continuous work. Once completed in 1992, it expanded the mosque's area approximately 15‑fold to 1.78 million square feet, allowing more than 700,000 visitors
to pray simultaneously. A similar expansion project for the Holy Mosque in Mecca (undertaken concurrently with that of the Prophet's Mosque) more than
doubled its size, allowing more than one million worshippers to pray simultaneously. The implementation of these two projects cost more than 18.66 billion U.S.
project of the Prophet's Mosque involved new buildings on three sides of the existing structure, and a vast courtyard surrounding it, paved with marble and
inlaid with geometric Islamic designs. The new buildings provide extensive roofed prayer areas. Within the new structure there are also 27 courtyards open to
the sky. In inclement weather concrete domes slide into place to cover these courtyards. Two larger, open courtyards each has six retractable umbrellas
(mechanized electronically) can be opened or closed (depending on the weather).
domes and umbrellas, as well as the other electrical and mechanical systems in the complex, are monitored and controlled from the computerized automation
center in the basement. This center also controls the air conditioning system, one of the largest and most innovative of its kind. Located at a plant 4.3 miles
away, the system pumps 17,000 gallons of chilled water per minute through pipes into the basement of the mosque, where it is used to cool air circulating
throughout the complex.
project added six new minarets to the Mosque's four existing ones. Each of the new minarets is 360 feet high, topped by a 23‑foot brass crescent weighing close
to five tons.
Several kinds of
marble and granite were used to build the vast, open courtyard plaza that surrounds the new structure. Lights mounted on marble and brass pillars illuminate
the entire area at night.
completion of the expansion project, the Prophet's Mosque can easily accommodate the more than two million worshippers that congregate around the Haj season
and visit throughout the year.
The City of Medina
As the mosque has expanded
in recent decades, so has the city that surrounds it. The City of the Prophet is no longer the small town enclosed by walls that it was at the turn of the
century. Today, Medina is a vibrant city of half a million people where the old and the new blend in harmony, complementing each other. The religious and
historic sites in and around the city have been preserved and renovated. However the Masjids and Domes of the burial places of:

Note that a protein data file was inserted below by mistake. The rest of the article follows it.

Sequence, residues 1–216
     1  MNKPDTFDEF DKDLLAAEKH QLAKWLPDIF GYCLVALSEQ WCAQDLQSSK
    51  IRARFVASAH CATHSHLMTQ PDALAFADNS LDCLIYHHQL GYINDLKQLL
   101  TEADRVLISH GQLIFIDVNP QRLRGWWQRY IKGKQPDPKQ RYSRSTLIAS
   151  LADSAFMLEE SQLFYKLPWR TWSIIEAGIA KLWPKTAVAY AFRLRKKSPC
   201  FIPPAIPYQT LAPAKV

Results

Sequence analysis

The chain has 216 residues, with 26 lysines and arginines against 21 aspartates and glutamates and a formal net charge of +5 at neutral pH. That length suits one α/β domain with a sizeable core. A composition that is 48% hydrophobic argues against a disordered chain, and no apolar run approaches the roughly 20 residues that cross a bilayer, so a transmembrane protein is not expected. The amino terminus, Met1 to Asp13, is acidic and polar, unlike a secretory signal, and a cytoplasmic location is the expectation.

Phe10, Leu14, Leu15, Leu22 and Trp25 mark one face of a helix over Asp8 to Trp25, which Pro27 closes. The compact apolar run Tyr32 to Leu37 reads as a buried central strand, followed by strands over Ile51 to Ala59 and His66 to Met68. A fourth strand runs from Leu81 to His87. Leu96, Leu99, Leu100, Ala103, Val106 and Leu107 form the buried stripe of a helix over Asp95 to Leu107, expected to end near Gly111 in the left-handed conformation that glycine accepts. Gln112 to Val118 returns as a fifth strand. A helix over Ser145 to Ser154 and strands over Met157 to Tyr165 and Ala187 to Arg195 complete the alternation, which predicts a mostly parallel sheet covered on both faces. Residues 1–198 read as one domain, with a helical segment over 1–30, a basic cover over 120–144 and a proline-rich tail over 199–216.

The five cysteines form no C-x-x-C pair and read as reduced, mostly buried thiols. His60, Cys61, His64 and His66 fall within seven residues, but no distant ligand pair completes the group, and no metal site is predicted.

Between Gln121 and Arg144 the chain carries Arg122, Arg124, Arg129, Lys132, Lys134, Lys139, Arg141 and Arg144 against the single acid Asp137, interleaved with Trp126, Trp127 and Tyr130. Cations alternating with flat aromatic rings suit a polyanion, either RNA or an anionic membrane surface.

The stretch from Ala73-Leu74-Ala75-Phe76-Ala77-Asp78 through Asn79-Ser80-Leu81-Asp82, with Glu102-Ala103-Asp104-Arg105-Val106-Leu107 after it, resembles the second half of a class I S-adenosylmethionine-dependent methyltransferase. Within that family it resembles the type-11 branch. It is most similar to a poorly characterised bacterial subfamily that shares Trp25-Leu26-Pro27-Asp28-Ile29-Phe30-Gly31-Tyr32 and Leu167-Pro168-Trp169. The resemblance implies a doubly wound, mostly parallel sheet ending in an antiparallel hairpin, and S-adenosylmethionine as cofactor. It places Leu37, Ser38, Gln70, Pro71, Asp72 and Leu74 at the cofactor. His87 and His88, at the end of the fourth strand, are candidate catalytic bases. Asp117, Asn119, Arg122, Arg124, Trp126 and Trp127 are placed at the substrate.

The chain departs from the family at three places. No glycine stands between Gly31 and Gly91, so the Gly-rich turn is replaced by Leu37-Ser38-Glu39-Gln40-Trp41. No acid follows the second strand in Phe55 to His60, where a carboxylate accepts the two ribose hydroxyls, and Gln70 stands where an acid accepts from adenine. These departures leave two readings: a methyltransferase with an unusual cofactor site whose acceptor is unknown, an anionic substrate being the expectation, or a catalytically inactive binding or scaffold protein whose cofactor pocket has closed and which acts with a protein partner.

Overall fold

wives of the Prophet (pbuh), and
were demolished to the ground.
They are no more than rubles these days. This took place in 1925 by the Saudi government despite of world-wide protest at the time.
Al-Baqi'i where many
Imams and their mother Fatima were buried, as well as many Sahaaba. These structures were demolished by the authorities of the government around 1925.
Present day picture of the same
Al-Baqi'i after its demolition in 1925: Only rubble left
As Medina slowly expanded in every direction, the provision of adequate water supplies was a primary concern. The issue was
addressed by not only tapping the aquifers that have traditionally supplied the city with water, but also by laying massive pipes to bring in water from desalination
plants along the Red Sea. These projects have met all the city's water requirements. Furthermore, water recycling has allowed the city to establish more than 60
major parks and playgrounds where residents and their families can relax and take refuge from the heat.
Over the past
half century Medina has been transformed into a modern urban center. Once only accessible by caravan trails, the city is now an integral part of the
network of modern highways and roads that connect all major urban centers in Arabia. An airport established seven miles northeast of the city connects
the City of the Prophet to other cities in the Kingdom as well as the world.
In 1985, King
Fahd inaugurated a unique complex near Medina. The King Fahd Holy Quran Printing Complex was built on over 37 acres of land to produce high‑quality copies of
the Holy Book in large numbers. Employing some 1,500 scholars, artists and technicians, the facility now produces more than 14 million copies of the Holy Quran
in Arabic and six other major languages, as well as 200,000 sets of audio cassettes of the Holy Book each year. These are distributed free to visitors to the
two holy mosques and are donated to mosques, religious institutions, schools and universities in the Kingdom. Millions of copies of the Holy Quran are also
donated each year to mosques and Islamic centers throughout the world.
Medina continues to